How the new IR35 off-payroll rules affect freelancers
As many freelancers know by now, on April 6th 2021, new off-payroll working rules came into force in the private sector, writes Andy Hamman, employment tax director at tax, accounting and advisory firm Crowe UK.
These rules are often referred to as the IR35 rules. But what some self-employed people don’t always know is that the IR35 rules actually first came into effect in 2000. What is key for freelancers to understand about IR35 today, in 2021, is that the rules from April have significantly changed IR35, also known as the Intermediaries legislation.
What is IR35?
In simple terms, the IR35 rules attempt to prevent disguised employment where an individual works for an organisation, but is not strictly an employee because they are not directly contracted.
If the IR35 rules apply, the individual must be treated as an employee but only for tax purposes. This means that Income Tax and National Insurance Contributions (NICs) will be deducted at source and remitted to HMRC.
When do the IR35 rules apply?
The new IR35 rules (from April 6th 2021) will apply if all the following apply:
- An individual is personally performing some services for a client;
- The client is medium or large in size (or is a public sector body);
- The individual is contracted via an “intermediary” and
- The individual would be an employee of the client if contracted directly.
Setting the rules out in this way is simple, but actually applying them is a much more complex task! We will briefly explain each of these conditions.
What do these four conditions for an ‘inside IR35’ determination mean, in practice?
For the first condition (1), the individual must be performing services for a client and not providing services for another person. This can cause confusion over who the client is or who the individual is actually providing services for. Generally speaking, the client will be the party or person who is most akin to the individual’s employer.
The second condition (2) will depend on the type of entity the client is. In the vast majority of cases, the client will be a limited company. If this is the case, it will be ‘medium’ or ‘large’ in size if it meets at least two of the following criteria for two consecutive financial years:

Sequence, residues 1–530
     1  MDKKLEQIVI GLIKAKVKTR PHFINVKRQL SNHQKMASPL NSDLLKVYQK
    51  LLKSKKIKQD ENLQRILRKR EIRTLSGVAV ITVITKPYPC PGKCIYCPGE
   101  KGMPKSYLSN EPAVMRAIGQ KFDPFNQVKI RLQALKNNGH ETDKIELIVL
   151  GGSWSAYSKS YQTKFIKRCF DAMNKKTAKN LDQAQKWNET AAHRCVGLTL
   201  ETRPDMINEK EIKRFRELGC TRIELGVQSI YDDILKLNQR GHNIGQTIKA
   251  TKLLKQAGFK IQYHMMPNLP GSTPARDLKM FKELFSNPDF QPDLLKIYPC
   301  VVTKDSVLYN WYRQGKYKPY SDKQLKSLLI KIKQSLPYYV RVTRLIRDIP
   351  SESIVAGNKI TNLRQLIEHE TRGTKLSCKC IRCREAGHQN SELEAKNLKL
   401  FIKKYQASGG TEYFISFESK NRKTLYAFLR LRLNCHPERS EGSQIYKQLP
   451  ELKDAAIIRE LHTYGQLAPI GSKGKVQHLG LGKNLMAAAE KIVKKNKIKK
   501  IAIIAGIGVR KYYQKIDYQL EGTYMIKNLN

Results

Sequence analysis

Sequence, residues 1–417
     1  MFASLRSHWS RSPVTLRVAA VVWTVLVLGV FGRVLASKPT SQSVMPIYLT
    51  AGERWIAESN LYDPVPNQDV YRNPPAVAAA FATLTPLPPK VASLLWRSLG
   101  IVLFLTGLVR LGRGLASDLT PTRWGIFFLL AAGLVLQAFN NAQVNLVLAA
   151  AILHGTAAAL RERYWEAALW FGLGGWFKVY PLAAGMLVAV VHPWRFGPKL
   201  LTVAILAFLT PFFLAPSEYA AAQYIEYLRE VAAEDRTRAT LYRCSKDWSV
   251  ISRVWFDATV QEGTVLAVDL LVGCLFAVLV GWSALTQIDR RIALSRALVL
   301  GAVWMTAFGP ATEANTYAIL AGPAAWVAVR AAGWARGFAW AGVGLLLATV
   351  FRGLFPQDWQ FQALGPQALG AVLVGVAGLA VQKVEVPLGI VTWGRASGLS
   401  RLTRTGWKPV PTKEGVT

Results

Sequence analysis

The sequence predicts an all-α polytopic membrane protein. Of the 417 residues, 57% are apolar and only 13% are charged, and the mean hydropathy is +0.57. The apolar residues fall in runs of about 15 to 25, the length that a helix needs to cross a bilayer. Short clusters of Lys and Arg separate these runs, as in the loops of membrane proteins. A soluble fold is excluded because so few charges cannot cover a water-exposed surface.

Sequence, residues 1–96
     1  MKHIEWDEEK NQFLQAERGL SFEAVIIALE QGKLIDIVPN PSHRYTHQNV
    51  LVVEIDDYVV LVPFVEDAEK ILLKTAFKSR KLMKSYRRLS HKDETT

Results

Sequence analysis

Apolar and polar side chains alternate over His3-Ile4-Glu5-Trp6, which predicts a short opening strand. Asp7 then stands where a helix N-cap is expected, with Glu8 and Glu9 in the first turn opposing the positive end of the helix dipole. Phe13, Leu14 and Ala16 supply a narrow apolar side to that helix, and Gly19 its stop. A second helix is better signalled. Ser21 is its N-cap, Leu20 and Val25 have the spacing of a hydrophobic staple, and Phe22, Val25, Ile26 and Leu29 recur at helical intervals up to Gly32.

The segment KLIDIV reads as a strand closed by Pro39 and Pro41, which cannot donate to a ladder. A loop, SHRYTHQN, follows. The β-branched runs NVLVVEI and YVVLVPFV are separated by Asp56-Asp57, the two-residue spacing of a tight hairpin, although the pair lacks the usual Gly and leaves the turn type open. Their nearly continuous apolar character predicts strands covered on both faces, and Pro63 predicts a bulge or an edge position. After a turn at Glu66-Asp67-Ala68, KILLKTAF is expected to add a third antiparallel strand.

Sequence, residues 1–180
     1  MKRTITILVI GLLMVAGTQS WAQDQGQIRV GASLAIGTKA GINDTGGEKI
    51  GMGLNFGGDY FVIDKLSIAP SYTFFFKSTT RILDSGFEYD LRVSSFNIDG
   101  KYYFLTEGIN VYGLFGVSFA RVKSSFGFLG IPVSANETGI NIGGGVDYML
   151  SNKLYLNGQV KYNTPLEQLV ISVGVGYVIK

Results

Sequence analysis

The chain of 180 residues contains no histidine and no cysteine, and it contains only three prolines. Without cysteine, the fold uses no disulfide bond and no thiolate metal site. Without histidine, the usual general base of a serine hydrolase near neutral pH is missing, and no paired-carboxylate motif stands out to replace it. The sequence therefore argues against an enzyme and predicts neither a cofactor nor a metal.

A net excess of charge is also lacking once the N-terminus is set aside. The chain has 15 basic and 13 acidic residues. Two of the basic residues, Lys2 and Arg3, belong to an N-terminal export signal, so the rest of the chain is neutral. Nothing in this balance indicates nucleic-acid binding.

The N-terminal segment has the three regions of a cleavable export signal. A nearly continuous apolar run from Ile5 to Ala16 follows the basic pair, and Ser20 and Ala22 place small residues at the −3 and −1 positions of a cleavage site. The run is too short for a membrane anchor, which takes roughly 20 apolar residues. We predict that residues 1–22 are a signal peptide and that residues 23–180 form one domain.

- turnover of more than £10.2 million;
- a balance sheet total (assets) of more than £5.1 million;
- an average of more than 50 employees.
Thirdly (3), the individual cannot be contracted directly by the client. They must be contracted via an “intermediary.”
An intermediary can take a number of forms, but the most common will be a limited company that is owned by the individual – commonly referred to as a Personal Service Company (PSC). Broadly speaking, a company will be a PSC if the individual controls more than 5% of the company.
The last but definitely the most complex condition for IR35 to apply…
Fourthly (4) and finally, yet perhaps the most complex of the conditions, the individual must be working in such a way that they would be an employee of the client if contracted directly. This is not a choice.
This decision is based on normal employment status criteria, which is determined by a number of employment status “factors” developed over many decades by case law.
What are some IR35 status factors?
Some of the key factors are whether the individual can send someone else to perform the services in their place (‘Substitution’), whether the client has control over the work the individual carries out (‘Control’), whether the individual has any financial risk when carrying out the work (‘Financial Risk’), and whether the individual has other clients and a substantial business set up (‘In Business On One’s Own Account’).